Guido Terreni, CEO of Parmigiani Fleurier, on how the Tonda PF impresses in terms of both design and mechanics
Having joined Parmigiani Fleurier as CEO in early 2021, Guido Terreni’s strategy involves the refocusing of the brand around elegance, discretion, and an eye for detail. “It’s reactivating a brand which is very prestigious in the mind of the customer,” he explains. “What was missing was an interpretation of the taste of today, to understand the Parmigiani customer of today – what would they be wearing, and the values of refined, understated luxury that made the brand so prestigious. And the response to that question was the Tonda PF.”
A new collection that launched only a few months after Terreni’s appointment, a Tonda PF timepiece is the sort that the wearer needs a bit of time with to understand. Its best features are the subtle qualities that experienced horology fans look for – the supreme suppleness of the bracelet, for instance, or the way the display case-back lifts the watch ever-so-slightly off the wrist so that said bracelet drapes better from the lugs. Or even, how the tightness of the guilloche pattern is such that it looks like a solid dial until it catches the light up close. It makes for an everyday watch that is remarkably restrained – no single visual element is overemphasised, and the full signature has been dropped for an unassuming ‘PF’ logo.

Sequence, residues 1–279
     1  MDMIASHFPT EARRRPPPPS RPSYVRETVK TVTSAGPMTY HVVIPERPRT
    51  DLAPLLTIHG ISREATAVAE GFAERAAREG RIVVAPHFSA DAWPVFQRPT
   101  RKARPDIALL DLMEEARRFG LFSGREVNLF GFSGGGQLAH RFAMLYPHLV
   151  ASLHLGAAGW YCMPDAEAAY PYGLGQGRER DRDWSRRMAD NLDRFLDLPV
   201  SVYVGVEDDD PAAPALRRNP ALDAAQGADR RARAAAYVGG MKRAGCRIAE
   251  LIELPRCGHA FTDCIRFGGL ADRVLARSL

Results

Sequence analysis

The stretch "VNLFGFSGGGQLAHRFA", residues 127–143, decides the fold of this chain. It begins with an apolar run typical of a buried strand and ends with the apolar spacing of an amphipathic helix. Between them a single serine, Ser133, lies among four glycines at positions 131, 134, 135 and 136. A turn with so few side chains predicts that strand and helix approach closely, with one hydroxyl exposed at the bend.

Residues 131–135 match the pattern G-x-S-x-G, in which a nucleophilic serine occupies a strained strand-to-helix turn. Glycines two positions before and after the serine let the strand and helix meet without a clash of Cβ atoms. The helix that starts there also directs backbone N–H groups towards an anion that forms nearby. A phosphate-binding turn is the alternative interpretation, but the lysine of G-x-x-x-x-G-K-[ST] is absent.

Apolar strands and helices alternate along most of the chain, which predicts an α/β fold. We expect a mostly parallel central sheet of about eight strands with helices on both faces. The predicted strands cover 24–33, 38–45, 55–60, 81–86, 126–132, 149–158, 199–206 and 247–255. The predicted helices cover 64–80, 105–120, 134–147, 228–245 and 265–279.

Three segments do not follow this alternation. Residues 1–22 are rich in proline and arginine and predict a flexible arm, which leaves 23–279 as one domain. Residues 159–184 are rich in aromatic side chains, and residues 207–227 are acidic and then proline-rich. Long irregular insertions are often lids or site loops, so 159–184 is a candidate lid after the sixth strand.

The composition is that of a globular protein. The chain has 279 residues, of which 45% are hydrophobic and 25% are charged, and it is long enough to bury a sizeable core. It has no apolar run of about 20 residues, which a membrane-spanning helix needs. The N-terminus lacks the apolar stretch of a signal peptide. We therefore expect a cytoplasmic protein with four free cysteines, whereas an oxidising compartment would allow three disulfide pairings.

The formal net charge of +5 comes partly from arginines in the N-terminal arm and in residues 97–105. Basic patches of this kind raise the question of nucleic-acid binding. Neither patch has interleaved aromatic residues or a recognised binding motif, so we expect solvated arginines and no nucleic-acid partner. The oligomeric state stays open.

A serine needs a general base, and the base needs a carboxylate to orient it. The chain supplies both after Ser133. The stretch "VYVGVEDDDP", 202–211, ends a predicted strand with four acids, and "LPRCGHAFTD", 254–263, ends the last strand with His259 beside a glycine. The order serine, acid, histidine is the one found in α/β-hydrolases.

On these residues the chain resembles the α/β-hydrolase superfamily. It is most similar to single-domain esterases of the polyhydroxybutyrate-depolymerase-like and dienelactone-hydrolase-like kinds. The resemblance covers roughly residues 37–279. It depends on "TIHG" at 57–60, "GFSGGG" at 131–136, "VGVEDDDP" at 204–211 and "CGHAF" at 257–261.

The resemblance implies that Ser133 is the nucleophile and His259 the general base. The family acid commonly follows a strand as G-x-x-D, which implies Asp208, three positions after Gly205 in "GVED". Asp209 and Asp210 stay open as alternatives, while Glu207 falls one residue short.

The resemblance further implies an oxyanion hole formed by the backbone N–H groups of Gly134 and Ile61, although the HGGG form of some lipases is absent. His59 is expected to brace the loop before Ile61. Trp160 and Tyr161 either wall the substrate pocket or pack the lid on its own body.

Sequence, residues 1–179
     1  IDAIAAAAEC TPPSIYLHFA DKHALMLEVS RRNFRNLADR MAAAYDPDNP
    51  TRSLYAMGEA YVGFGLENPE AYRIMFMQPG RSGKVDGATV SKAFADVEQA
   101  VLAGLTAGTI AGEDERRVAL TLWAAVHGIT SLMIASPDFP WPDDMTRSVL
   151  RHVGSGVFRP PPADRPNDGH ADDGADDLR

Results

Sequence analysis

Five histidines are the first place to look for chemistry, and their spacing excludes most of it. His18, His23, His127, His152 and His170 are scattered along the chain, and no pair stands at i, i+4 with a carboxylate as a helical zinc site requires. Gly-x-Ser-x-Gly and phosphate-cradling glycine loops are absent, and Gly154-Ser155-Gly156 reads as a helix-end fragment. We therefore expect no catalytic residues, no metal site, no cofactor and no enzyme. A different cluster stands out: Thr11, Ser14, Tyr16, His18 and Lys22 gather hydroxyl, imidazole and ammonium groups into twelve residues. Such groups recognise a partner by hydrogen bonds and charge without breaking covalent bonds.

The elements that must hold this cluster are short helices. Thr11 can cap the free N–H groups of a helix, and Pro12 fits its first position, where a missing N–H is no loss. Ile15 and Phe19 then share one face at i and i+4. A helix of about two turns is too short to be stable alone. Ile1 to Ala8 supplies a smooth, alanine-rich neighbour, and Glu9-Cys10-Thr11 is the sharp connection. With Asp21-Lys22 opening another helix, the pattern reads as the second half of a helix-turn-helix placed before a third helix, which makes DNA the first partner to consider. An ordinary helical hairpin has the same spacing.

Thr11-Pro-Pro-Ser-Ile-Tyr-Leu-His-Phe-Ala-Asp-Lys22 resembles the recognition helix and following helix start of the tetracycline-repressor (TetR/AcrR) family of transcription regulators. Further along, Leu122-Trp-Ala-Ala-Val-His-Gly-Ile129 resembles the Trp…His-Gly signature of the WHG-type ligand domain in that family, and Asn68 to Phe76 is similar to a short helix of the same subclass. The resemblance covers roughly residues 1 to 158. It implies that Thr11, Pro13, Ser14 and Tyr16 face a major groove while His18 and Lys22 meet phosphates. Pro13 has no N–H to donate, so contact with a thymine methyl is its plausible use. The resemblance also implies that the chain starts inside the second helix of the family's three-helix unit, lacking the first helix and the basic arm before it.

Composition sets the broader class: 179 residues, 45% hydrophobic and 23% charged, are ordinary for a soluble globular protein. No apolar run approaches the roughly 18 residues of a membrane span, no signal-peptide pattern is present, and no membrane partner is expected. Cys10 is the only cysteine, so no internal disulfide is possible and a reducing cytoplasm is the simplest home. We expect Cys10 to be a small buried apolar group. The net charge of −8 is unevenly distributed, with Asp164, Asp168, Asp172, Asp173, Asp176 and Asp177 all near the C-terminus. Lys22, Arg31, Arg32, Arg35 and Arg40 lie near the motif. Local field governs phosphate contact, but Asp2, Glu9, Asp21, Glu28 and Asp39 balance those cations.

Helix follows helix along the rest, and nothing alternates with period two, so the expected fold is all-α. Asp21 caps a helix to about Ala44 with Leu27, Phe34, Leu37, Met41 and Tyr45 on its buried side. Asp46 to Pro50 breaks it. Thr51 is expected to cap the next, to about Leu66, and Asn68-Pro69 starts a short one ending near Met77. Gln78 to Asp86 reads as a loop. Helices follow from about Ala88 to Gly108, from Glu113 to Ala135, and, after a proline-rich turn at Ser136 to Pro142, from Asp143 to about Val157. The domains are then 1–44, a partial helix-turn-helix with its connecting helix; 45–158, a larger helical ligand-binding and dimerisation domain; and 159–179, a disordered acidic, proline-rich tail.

A year-and-a-half later, and Terreni has found his market. “It’s incredible to see the fever around this watch. In a few months, we had a one-year waiting list,” he says. The interested parties are connoisseurs: experienced collectors, and extremely knowledgeable. “They are educated to luxury in general, because you have to have an eye for the details that we provide. They are subtle, you discover them by wearing the watch. But you have to be sensitive to that kind of finishing, which not everybody is,” he adds. “People that are looking into Parmigiani are people who are separating themselves from the mainstream. They are fed up with seeing the same watch on many wrists, you know. They are looking for something more personal, more elegant, refined, understated.”
Where the introduction of the Tonda PF was purely an exercise in design – the launch collection used existing movements – the novelties introduced at this year’s Watches & Wonders are meant to impress on a technical level. They included the Tonda PF Skeleton (from S$85,532) and the Tonda PF Flying Tourbillon (S$202,957 and limited to 25 pieces) but the most talked-about was the GMT Rattrapante (S$37,692). An exercise in minimalism, it eschews many of the usual trappings of the GMT complication, dropping date window, day/night indicators, and even a seconds hand. Its unique feature is the pusher on the crown, which will cause the local time hand to snap back to its hiding place underneath the home time hand. It is the first time ever that a rattrapante mechanism has been applied to something outside a chronograph. “We’re talking about something useful, something that you can use every day,” Terreni says. “And we reinterpreted this function in a subtle way, such that it is there when you need it and not there when you don’t.”
It says a lot that Terreni, with his wealth of envelope-pushing experience in timepieces, initiated the development of the GMT Rattrapante just three days after he became CEO. “Independent brands have an obligation to push the boundaries of watchmaking, and you have to do that also on the technical side. Developing functions that are innovative is part of what we want to do,” he explains. “A world premiere is something we have to have the ambition to tackle, because it’s fun. It’s creative, it’s interesting,” he says, and with a smile, he adds, “it’s refusing to stay in the past.”